The last few articles have discussed the Leadership requirements in the Qualities of an Exceptional Leader. This article will focus on two other requirements, Direction and Action.
Direction is composed of four components—Aim, Planning, Implementation, and Review.
Strategy, like leadership, is an elusive concept. Merriam-Webster’s dictionary defines it as “the science and art” of conducting a major campaign to achieve some objective. Strategy is the idea on how to achieve goals. It is based partly on prediction. That is, if certain activities are carried out effectively, the aim is achieved. W. Edwards Deming has made it clear that the leadership of the organization must determine its aim and establish a system for getting all employees involved in it. Management must determine where the organization is headed in the long term, and what ideal conditions, strategies, and values can get it there.
Management must state a system’s aim so that everyone can understand and be guided by it. A farmer knows he must provide guidance to his team so they are pulling together. So must management provide guidance to employees so they are pulling together to reach their common goal.
The word theory comes from the same Greek root word as theater and means to get a view of, to understand. Knowledge gives us a basis for planning. Deming said there is no substitute for knowledge and that is certainly true for management to determine proper direction for the organization.
Yoji Akao makes a useful distinction between planning and designing. Planning is determining what to make, designing is deciding how to make it. Akao’s Quality Function Deployment technique is very useful in comparing customer needs with features of our products or services. Noriaki Kano’s Attractive Quality Creation concept helps to identify the articulated and unarticulated customer and prospect needs.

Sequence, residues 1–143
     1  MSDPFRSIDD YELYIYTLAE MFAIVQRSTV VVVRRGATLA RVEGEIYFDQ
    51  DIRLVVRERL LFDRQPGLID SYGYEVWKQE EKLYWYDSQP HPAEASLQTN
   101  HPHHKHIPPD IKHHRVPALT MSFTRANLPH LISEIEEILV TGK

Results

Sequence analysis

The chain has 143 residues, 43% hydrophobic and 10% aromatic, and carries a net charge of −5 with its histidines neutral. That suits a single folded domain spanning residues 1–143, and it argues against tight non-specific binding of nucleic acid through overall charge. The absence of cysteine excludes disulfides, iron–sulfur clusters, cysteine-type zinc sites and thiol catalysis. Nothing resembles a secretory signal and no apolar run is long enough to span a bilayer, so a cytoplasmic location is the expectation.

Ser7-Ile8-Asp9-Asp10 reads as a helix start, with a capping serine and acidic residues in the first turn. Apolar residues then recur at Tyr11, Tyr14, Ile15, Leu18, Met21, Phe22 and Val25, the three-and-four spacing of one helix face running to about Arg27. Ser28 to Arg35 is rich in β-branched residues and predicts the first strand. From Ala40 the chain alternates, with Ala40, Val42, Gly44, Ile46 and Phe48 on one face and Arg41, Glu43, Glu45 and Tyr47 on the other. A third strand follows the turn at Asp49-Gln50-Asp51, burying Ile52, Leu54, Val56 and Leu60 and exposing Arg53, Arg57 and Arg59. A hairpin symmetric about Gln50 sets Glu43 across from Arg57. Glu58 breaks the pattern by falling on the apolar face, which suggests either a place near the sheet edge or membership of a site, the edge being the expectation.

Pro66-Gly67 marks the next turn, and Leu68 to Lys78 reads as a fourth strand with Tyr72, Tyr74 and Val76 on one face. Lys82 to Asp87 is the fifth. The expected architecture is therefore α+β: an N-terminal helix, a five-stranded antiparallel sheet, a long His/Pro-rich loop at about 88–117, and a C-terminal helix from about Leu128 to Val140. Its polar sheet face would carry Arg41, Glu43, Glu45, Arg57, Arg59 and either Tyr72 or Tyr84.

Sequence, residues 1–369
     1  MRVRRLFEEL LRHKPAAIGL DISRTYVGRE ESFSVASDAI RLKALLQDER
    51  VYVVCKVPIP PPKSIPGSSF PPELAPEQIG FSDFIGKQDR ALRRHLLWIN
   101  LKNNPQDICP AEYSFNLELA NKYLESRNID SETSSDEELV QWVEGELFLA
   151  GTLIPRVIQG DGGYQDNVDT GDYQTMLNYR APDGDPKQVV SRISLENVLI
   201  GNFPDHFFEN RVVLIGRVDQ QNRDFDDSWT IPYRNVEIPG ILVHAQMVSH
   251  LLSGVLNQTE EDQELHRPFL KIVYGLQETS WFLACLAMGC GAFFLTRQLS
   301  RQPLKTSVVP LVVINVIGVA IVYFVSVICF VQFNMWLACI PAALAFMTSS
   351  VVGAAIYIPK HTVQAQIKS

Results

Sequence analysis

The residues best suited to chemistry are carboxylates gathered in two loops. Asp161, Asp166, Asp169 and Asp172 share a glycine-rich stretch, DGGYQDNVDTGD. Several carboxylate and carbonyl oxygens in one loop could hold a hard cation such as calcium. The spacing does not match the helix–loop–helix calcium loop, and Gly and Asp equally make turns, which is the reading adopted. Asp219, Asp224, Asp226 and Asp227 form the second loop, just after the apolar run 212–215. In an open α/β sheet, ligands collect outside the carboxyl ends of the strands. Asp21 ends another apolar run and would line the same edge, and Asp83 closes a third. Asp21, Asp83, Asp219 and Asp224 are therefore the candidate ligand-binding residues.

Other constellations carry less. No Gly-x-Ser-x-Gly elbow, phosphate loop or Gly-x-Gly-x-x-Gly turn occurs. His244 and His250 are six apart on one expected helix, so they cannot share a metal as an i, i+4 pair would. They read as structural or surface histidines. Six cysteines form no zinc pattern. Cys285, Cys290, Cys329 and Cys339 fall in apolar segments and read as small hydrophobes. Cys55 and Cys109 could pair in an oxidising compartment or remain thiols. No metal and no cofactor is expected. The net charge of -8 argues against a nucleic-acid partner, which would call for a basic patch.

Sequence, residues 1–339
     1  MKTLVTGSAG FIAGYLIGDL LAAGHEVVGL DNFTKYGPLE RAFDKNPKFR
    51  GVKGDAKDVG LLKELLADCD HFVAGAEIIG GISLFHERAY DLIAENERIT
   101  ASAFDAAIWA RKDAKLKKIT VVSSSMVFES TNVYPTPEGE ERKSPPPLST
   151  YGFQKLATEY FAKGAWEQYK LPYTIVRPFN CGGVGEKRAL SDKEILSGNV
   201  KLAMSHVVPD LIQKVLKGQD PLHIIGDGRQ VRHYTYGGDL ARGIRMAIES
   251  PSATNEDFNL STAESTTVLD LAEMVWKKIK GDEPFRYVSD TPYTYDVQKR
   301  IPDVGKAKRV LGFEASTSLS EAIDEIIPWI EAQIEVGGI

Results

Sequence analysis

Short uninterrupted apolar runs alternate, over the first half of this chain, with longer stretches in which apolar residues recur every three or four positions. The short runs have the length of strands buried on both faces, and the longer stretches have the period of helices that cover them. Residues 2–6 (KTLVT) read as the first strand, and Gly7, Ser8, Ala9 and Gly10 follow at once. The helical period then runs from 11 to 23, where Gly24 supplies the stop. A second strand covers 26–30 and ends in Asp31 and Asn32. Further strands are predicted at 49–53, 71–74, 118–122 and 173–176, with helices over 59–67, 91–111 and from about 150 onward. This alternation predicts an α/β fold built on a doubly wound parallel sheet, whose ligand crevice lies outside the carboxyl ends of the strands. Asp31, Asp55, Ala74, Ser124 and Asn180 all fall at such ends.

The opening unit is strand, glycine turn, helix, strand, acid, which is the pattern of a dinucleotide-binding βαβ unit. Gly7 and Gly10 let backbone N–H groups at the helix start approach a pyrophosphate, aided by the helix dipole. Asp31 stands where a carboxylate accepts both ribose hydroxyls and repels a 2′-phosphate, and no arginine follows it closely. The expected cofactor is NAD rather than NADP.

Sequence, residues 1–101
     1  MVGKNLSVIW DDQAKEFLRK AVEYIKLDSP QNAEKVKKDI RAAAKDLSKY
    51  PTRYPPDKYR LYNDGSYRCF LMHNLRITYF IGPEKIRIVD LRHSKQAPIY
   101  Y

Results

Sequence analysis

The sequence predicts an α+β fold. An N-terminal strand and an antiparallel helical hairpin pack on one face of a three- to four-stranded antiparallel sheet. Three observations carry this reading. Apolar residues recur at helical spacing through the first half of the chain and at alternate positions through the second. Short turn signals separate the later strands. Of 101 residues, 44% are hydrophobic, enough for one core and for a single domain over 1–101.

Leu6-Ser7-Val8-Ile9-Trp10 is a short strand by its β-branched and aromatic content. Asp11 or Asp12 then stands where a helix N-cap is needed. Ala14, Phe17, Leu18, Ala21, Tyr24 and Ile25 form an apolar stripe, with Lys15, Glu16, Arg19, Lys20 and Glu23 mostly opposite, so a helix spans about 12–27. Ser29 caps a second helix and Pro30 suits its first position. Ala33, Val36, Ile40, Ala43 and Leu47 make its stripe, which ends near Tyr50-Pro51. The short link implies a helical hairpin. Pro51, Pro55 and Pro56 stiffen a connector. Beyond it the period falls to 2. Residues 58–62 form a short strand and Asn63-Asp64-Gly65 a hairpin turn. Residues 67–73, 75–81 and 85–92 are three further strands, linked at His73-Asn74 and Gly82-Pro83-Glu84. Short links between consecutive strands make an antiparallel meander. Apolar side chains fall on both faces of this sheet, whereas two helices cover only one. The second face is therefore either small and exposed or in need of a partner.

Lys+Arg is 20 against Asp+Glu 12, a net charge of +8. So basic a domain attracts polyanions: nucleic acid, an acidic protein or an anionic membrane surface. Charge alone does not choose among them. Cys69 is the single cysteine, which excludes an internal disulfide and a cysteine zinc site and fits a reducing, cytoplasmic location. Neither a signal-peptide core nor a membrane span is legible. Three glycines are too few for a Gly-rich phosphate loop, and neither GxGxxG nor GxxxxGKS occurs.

With the Aim articulated and the Strategy developed to achieve the aim, the next step is to get buy-in from all employees and their participation in achieving it. The Aim and Strategy should be summarized on a one-page document and distributed to all employees at the same time as management meets with them to explain it and engage in discussions. It usually takes more than one of the senses to effectively communicate important matters.
The final element of the qualities of an exceptional leader is Action. After we have analyzed our leadership style and made appropriate changes in our behavior, have determined and communicated the direction of the organization, we need to take action to achieve results. If you want to be ahead, then you have to get ahead, said Deming.
If you want to be a leading organization, then you have to take action. For those who understand their role of leadership and have provided clear direction for the organization, know the next step is to take focused action to improve performance. The Strategy should be deployed throughout the organization so that every employee has a role in accomplishing the strategy.
Not to be overlooked is the importance of regular progress reviews at all levels to focus attention on the importance of achieving the strategy and to remove roadblocks faced by the employees.
The Quality Masters have provided us with a very clear message of what action to take to achieve the qualities of an exceptional leader. The elements and their key components are:
- Leadership—roles and responsibilities, appreciation for a system, knowledge of variation, theory of knowledge, and psychology
- Direction—aim, planning, implementation, and review
- Action—communicate, deploy actions, and follow-up to get results
What we do with this information determines how successful we are with our performance improvement. One of the first portable computers, the Osborne Executive, had a sage bit of advice in its manual, “When in doubt, do something.” Try some of these concepts out a little at a time (PDCA-plan-do-check-act). Said Lorne Ames, president of INCO Manitoba, “What is important is baby steps.” Gather data on your progress, learn from your mistakes, and move on a faster pace each time around the PDCA cycle.
Dr. Deming said, “It does not matter when you start, as long as you start now.”